Through over 100 years of history, Real Madrid has become one of the most recognizable names in world football. But how did they get there? In partnership with Howler magazine, The Center Circle is embarking on a multi-part journey from the roots of this historic club to the Cristiano Ronaldo era it enjoys today. If you consider yourself a Real fan, or really just a soccer fan in general, this is for you. Finally, do you see that “Hala Madrid” graphic right above this? You can click on that to open up Howler’s incredible Real Madrid timeline, replete with informative tidbits, pictures, and some cool graphics. Scroll through each section, zoom in to read, and enjoy.
Part II: Growing Pains
The period from 1910 to the end of the 1920′s were barren years for Madrid in terms of sporting success. The team won the Copa del Rey in 1917 and lost in a few finals, but, by and large, the talent on hand failed to light the hearts aflame. At the time, the best player in Spain was Rafael “Pichichi” Aranzadi, the star striker for Athletic Bilbao. Meanwhile, Madrid could only count on future President Santiago Bernabeu, dependable Ricardo Alvarez, and mercurial forward Rene Petit. Despite a lack of world class players, developments off the pitch took center stage. In 1920, King Alfonso XIII bestowed the “Real” (“Royal”) to Madrid FC, and thus they changed their name to Real Madrid.
After only a decade, the O’Donnell Field had grown too small rapidly. In 1923, the team relocated to the Lineal Velodrome for two seasons. However, the long tram ride proved a major inconvenience to fans, even if the players enjoyed playing on the allegedly first ever grass pitch in Spain. In 1924, the team took out a loan, bought some land in Northern Madrid, and then built a new stadium in the Chamartin neighborhood. Not surprisingly, the stadium’s nickname came to be “El Chamartin.”
Things on the field also got better. In 1929, the first ever La Liga was organized. Soccer had grown popular enough where teams from all over the country could participate. In that inaugural edition, ten teams participated: Real Madrid, FC Barcelona, Athletic Bilbao, Real Sociedad, Arenas Club, Athletic de Madrid, RCD Espanol, CD Europa, Real Union de Irun, and Racing de Santander. Racing finished last and was relegated. Real Madrid led the league table up until the very last game, where they lost to Athletic Bilbao and Barcelona won the title.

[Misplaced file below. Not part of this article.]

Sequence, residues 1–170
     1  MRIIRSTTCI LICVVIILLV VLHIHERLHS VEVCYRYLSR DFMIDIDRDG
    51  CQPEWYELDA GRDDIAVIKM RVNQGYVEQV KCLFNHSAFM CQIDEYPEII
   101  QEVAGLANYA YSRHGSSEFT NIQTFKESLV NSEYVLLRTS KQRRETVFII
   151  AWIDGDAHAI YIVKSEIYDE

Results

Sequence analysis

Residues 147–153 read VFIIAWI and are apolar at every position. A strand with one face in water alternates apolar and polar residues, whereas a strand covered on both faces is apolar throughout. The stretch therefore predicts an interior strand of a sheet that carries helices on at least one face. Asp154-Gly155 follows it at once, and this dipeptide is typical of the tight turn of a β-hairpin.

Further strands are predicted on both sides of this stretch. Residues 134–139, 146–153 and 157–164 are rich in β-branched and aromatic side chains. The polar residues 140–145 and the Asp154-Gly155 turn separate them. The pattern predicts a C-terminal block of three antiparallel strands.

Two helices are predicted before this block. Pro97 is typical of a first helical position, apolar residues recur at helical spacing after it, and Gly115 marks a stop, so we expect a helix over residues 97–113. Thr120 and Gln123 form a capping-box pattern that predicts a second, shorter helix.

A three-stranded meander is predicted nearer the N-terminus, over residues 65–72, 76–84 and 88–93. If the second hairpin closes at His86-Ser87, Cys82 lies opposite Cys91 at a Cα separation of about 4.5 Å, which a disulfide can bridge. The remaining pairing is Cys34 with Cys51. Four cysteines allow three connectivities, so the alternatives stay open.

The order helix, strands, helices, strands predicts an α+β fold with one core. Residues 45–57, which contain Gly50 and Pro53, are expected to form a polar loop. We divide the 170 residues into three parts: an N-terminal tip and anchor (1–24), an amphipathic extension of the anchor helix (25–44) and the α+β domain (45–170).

The 1930′s was a modestly successful decade for Madrid. The team made two savvy signings: Ricardo Zamora and Josep Samitier. Zamora had played for FC Barcelona before transferring to rival Espanyol, but wanted a big contract to go with his fame. Tall, strong, and powerful in the air, he was an excellent goalkeeper and well-known name in Spain. Madrid signed him in 1930. Three years later, veteran player Josep Samitier had a dispute with FC Barcelona, and again Madrid snapped him up. Madrid won La Liga in 1932 and 1933, and the Copa del Rey in 1934 and 1936.
Of course, at that time, the Copa del Rey was not the Copa del Rey and Real Madrid was not Real Madrid. Why? Because Spanish politics had descended into chaos. For over a decade, Miguel Primo de Rivera had ruled as a dictator with the blessing of the crown. However, with the economy a mess, he had to resign in 1930. A year later, King Alfonso XIII suspended the monarchy and voluntarily left in exile. Thus, labels such as “Real” (Royal) were stripped off clubs and institutions. The King’s Cup became the President’s Cup.
In the 1936 President Cup’s final, played in Valencia, Madrid FC narrowly beat FC Barcelona. Ricardo Zamora made a famous save where, diving to stop a shot, he kicked up a lot of dust. FC Barcelona fans believed that the shot had scored, but, upon the dust clearing, realized Zamora got a paw to it. Sport, though, could not distract from politics. In July of that year, the Spanish Civil War broke out. And Real Madrid would never be the same.